With all of the current focus on unique programs designed to enhance the attractiveness to participants and fiduciaries of adopting lifetime income programs under defined contribution plans, there is little discussion about how all of this plays out in the 403(b) market. For sure, 403(b) plans were the quintessential lifetime income program. Heck, 403(b) is even entitled “Taxability of beneficiary under annuity purchased by section 501(c)(3) organization or public school.” I had posted a blog in 2009, describing 403(b) as one potential model for 401(k) lifetime income programs. A quick review of history demonstrates that these employment-based annuity purchase plans (you really need to go all the way back to 1918, and then to the 1939 Tax Code, not just to 1959-when the current 403(b) section was passed into law- to get a true flavor of its history) were originally designed to provide lifetime income. They were also the epitome of portability: in that the 403(b) contract was designed to be an individual pension, it was also deigned and administered to be highly portable.
These lifetime income programs were not without their serious flaws, especially when you attempt to overlay employer responsibility over these types of arrangements. The “portability” was also quite ugly in practice, as any one who had to administer those old 90-24 transfers will attest.
Guarantee lifetime payouts from 403(b) annuity contracts are still alive and well, particularly in the higher eduction market which is still dominated by TIAA and its insurance products. However, with the the now-decade-long-shift in the 403(b) market to the mutual fund based group custodial arrangements designed to mimic 401(k), where do those new lifetime income programs fit?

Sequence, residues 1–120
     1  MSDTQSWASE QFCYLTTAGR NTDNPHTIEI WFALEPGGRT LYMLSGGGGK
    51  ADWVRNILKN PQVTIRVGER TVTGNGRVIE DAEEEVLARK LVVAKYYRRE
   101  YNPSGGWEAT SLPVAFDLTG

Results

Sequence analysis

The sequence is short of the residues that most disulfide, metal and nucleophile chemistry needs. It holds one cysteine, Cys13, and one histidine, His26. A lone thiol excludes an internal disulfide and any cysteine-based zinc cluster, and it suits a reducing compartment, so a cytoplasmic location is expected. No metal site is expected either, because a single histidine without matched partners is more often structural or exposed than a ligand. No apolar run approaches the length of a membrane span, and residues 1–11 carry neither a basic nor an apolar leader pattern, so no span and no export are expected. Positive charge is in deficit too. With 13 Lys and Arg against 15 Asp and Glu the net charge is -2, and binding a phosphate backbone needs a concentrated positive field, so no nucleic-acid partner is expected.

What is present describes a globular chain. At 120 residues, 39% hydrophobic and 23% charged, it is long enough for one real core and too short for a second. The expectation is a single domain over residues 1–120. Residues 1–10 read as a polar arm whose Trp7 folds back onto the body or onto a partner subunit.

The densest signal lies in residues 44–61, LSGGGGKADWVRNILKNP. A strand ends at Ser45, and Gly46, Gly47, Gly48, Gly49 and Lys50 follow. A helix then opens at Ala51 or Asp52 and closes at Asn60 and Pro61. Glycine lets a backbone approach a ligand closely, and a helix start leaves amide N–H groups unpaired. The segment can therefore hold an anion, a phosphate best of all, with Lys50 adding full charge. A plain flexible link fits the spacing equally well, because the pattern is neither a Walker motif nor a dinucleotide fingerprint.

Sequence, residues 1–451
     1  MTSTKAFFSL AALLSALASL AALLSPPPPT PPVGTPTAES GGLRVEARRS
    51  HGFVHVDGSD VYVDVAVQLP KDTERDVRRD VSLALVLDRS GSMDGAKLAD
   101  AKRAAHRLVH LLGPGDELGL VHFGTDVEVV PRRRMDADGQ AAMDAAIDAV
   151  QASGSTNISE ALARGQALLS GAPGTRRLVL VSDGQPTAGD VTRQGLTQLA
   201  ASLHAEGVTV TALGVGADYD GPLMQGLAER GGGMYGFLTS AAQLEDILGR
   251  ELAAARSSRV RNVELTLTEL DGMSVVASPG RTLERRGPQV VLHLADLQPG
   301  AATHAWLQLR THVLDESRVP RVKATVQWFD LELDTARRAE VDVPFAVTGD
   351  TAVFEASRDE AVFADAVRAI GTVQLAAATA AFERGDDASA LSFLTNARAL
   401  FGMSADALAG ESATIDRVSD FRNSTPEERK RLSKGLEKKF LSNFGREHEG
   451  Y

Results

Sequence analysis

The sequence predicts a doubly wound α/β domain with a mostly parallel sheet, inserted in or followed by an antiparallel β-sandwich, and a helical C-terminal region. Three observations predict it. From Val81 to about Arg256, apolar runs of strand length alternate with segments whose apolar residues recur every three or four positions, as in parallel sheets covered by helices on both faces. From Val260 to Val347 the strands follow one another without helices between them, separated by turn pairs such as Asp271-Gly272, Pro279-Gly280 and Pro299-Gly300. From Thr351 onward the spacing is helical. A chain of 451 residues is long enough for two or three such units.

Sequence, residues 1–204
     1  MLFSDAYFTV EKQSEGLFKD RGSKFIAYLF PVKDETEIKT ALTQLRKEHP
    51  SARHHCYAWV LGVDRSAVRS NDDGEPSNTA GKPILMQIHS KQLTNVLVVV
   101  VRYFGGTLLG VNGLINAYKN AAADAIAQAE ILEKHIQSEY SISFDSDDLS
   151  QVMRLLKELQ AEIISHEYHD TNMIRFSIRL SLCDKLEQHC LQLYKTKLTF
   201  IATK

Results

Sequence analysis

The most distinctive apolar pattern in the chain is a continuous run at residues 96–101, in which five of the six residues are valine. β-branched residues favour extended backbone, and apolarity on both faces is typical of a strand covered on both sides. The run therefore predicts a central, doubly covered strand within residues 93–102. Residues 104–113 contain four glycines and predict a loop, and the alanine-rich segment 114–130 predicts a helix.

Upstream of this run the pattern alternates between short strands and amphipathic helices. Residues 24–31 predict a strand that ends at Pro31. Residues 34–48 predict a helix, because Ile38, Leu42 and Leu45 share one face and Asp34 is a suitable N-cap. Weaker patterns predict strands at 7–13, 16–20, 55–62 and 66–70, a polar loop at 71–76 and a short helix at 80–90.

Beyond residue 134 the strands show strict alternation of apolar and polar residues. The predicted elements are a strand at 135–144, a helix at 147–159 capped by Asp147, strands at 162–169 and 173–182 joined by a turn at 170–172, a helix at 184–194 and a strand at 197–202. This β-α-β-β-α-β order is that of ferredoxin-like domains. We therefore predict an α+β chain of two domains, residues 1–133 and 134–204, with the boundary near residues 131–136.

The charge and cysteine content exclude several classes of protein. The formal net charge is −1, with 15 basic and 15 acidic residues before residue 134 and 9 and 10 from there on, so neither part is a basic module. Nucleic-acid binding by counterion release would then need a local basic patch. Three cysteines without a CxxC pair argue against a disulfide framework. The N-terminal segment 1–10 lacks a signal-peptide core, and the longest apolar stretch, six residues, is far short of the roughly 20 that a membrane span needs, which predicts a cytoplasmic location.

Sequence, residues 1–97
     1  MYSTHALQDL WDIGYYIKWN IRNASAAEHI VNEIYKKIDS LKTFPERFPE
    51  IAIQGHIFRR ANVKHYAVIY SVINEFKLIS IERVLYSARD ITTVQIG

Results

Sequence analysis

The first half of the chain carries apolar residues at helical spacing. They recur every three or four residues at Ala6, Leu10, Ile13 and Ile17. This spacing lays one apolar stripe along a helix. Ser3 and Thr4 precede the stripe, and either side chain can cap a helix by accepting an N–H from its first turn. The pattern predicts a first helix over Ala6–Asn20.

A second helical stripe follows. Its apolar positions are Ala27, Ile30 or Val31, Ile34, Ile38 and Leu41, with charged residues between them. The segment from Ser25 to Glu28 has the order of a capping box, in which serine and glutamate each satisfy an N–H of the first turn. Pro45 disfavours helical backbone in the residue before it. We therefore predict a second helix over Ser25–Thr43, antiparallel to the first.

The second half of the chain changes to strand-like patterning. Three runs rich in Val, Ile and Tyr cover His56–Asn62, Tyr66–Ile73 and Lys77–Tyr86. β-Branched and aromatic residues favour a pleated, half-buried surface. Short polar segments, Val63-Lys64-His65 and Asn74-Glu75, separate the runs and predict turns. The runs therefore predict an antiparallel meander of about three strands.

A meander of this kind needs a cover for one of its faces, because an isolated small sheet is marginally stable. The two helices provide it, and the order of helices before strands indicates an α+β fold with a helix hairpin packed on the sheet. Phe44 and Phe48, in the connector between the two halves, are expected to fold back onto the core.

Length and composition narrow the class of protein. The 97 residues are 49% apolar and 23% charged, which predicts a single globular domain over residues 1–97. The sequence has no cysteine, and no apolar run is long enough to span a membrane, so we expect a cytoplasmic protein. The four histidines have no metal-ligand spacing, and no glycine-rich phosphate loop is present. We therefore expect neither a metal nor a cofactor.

The answer, as always, is in the details on how a number of the critical differences between 403(b) and 401(k) programs impact the selection of a lifetime income program. For example, one of the most popular of the lifetime income programs which was pioneered over 15 years ago in the retail market, and is now gaining popularity in the 401(k) market, is something called the “Guaranteed Lifetime Withdrawal Benefit” or “GLWB. The GLWB, and programs like this, attempt to minimize some of the difficulties that come with the purchase of a traditional annuity, which could be referred to as the “Five Is”. These are Irrevocability, Inflexibility, Inaccessibility, Invisibility and Immobility. In short, you pay the premium for the annuity, and you lost access to those funds (even in emergencies), and you have no chance to participate in any equity growth in the market. But what you do get in return is security: come hell or high water (as the saying goes) you will get your guaranteed monthly benefit. Period. And there is great value in that.
There is also great value to the alternatives, including that GLWB and other, non insurance based managed payout programs. It all is a matter of preference, for both the employer/fiduciary and the participant. The question for 403(b) plan sponsors and advisers is whether a retirement portfolio for participants can also include elements of the GLWB, managed payouts or other innovative programs. The answer is clearly yes. There is nothing preventing any number of the various programs in the marketplace from offering a 403(b) based lifetime income program which addresses those “Five Is.” You will always, though, need to keep a number of distinctive details in mind when engaging in these efforts. This includes things like the notion that a GLWB always involves the purchase of an annuity contract-somewhere- even if made from a NAV platform; and the fact that 403(b) plans cannot currently invest in collective investment trusts (upon which a number of these new programs are based).
Exploring 403(b) lifetime income platforms demands knowledge of the way traditional programs work, along with familiarity with the 403(b) idiosyncrasies which will be in play in the new programs.